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Euro zone, U.S. bounce back but China stalls

People take a escalator at the financial district of Pudong in Shanghai July 23, 2013. REUTERS/Carlos Barria
People take a escalator at the financial district of Pudong in Shanghai July 23, 2013. REUTERS/Carlos Barria

By Jonathan Cable and Steven C. Johnson

LONDON/NEW YORK (Reuters) - Private industry in the euro zone expanded for the first time in more than a year in July, which was also a good month for U.S. factories, but the massive manufacturing engine that powers China continued to lose steam, surveys showed on Wednesday.

The jump in Markit's "flash" Eurozone Composite PMI to 50.4, which marked the first expansion since January, 2012, should hearten European Central Bank policymakers who have promised to do whatever it takes to pull the 17-country euro zone out of the longest recession in the bloc's history.

But data showing China's factories lost momentum again this month dulled the good news in Europe and boded ill for companies exposed to the world's second largest economy. Chinese growth has slowed in nine of the past 10 quarters.

Knock-on effects are already being felt widely. Japanese export growth has slowed despite a weaker yen while Apple has lamented a drop in Chinese demand for its products.

"China's slowdown is starting to become more dangerous," said Yasuo Yamamoto, a senior economist at Mizuho Research Institute in Tokyo.

China's overall PMI of business conditions fell to 47.7 from June's final reading of 48.2, its weakest since August 2012 and its third straight month below 50, which marks expansion. The employment sub-index slid to 47.3, the weakest since the depths of the global financial crisis in early 2009.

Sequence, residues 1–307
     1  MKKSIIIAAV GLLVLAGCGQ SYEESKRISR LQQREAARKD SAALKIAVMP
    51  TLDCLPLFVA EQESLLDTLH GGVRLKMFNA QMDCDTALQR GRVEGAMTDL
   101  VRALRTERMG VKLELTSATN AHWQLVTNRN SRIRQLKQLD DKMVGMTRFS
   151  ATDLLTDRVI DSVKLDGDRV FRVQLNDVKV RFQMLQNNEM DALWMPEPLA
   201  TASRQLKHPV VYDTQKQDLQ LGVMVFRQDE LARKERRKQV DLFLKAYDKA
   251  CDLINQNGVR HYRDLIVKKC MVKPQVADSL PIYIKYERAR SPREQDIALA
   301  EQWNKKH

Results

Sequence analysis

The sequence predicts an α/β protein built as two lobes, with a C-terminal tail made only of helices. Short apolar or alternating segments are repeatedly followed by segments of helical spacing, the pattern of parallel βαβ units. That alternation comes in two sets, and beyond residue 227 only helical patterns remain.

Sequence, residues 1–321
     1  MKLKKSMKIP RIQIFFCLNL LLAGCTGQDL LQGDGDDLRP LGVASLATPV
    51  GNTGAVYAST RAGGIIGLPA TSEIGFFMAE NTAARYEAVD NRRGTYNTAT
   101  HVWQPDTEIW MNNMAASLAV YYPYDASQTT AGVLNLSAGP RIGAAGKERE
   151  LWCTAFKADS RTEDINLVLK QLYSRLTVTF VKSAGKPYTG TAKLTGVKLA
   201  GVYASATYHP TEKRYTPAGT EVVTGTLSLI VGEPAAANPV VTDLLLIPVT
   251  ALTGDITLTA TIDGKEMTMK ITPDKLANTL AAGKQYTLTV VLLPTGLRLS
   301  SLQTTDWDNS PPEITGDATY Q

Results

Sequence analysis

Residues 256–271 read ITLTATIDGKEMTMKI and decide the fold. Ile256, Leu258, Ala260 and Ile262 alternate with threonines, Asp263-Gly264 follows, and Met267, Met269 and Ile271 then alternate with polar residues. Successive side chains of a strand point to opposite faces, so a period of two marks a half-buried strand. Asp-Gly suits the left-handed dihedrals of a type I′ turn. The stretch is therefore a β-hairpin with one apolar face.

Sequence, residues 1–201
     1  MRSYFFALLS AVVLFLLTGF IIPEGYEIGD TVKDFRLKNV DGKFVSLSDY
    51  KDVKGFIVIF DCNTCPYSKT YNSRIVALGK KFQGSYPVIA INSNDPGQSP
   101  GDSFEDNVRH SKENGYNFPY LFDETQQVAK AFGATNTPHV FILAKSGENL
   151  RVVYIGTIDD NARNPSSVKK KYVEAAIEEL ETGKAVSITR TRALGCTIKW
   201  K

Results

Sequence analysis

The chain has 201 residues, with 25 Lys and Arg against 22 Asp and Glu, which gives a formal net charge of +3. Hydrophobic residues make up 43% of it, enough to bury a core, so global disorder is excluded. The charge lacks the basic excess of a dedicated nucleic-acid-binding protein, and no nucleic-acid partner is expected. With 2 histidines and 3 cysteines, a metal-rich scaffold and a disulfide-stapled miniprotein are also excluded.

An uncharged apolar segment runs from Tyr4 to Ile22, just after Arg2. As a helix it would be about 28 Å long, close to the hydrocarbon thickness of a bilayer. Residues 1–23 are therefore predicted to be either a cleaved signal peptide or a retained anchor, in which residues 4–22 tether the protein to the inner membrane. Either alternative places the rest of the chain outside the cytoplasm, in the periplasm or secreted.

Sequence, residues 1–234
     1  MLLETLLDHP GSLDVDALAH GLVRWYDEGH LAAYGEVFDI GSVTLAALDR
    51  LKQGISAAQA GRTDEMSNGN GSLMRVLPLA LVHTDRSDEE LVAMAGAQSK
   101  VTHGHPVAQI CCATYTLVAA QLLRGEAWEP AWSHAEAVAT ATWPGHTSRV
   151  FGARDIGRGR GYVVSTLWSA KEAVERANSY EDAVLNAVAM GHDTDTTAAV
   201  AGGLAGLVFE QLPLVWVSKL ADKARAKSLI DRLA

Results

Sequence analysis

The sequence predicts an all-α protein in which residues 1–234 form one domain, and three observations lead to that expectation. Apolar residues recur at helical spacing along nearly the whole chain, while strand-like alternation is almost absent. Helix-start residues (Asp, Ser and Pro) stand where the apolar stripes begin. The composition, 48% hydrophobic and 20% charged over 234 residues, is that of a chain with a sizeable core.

"This print could reignite fears of a Chinese hard landing," said Annette Beacher, head of Asia-Pacific research at TD Securities in Singapore. "We expect economic growth to continue moderating towards 7 percent."

REBOUND IN U.S., GLIMMER OF HOPE IN EUROPE

Weaker demand from China and other emerging markets had contributed to a slowdown in U.S. manufacturing in recent months, though the sector rebounded modestly in July thanks to a pickup in demand at home

Markit's "flash" U.S. Manufacturing Purchasing Managers Index rose to 53.2, a four-month high, while output also was at its strongest since March. Increased workloads also encouraged firms to take on workers again after reducing payrolls in June, though the pace of hiring remained sluggish.

"For the U.S., this shows manufacturing will do a little better now after a bout of weakness earlier this year," said Stephen Stanley, chief economist at Pierpont Securities in Stamford, Connecticut, though he added growth in the sector is "not exactly robust."

While the manufacturing rebound bodes well for U.S. growth in the third quarter, it is unlikely to persuade the Federal Reserve to hasten the end of its massive stimulus program.

"It is likely that policymakers will generally need to see growth strengthen further before sounding more confident about the ability of the economy to withstand any tapering of stimulus," said Markit chief economist Chris Williamson.

Chinese leaders, meanwhile, have stressed in recent weeks that reform is their priority. But they have also been at pains to assure investors that Beijing will not allow the economy to slip too far.

In Europe, the upbeat surveys came after official data showed French industrial morale at its highest in over a year in July while Italian retail sales rose on a monthly basis for the first time in 14 months.

"Better-than-expected PMI figures clearly support the notion that the euro zone economy as a whole is leaving recession behind," said Martin van Vliet at ING.

"(But) recent weakness in the Chinese manufacturing PMI is a reminder that a strong euro zone export recovery is unlikely."

Markit said the latest PMIs tentatively pointed to 0.1 percent gross domestic product (GDP) growth in the euro zone in the current quarter, in line with a Reuters poll taken earlier this month.

(Additional reporting by Langi Chiang; Editing by Chizu Nomiyama)

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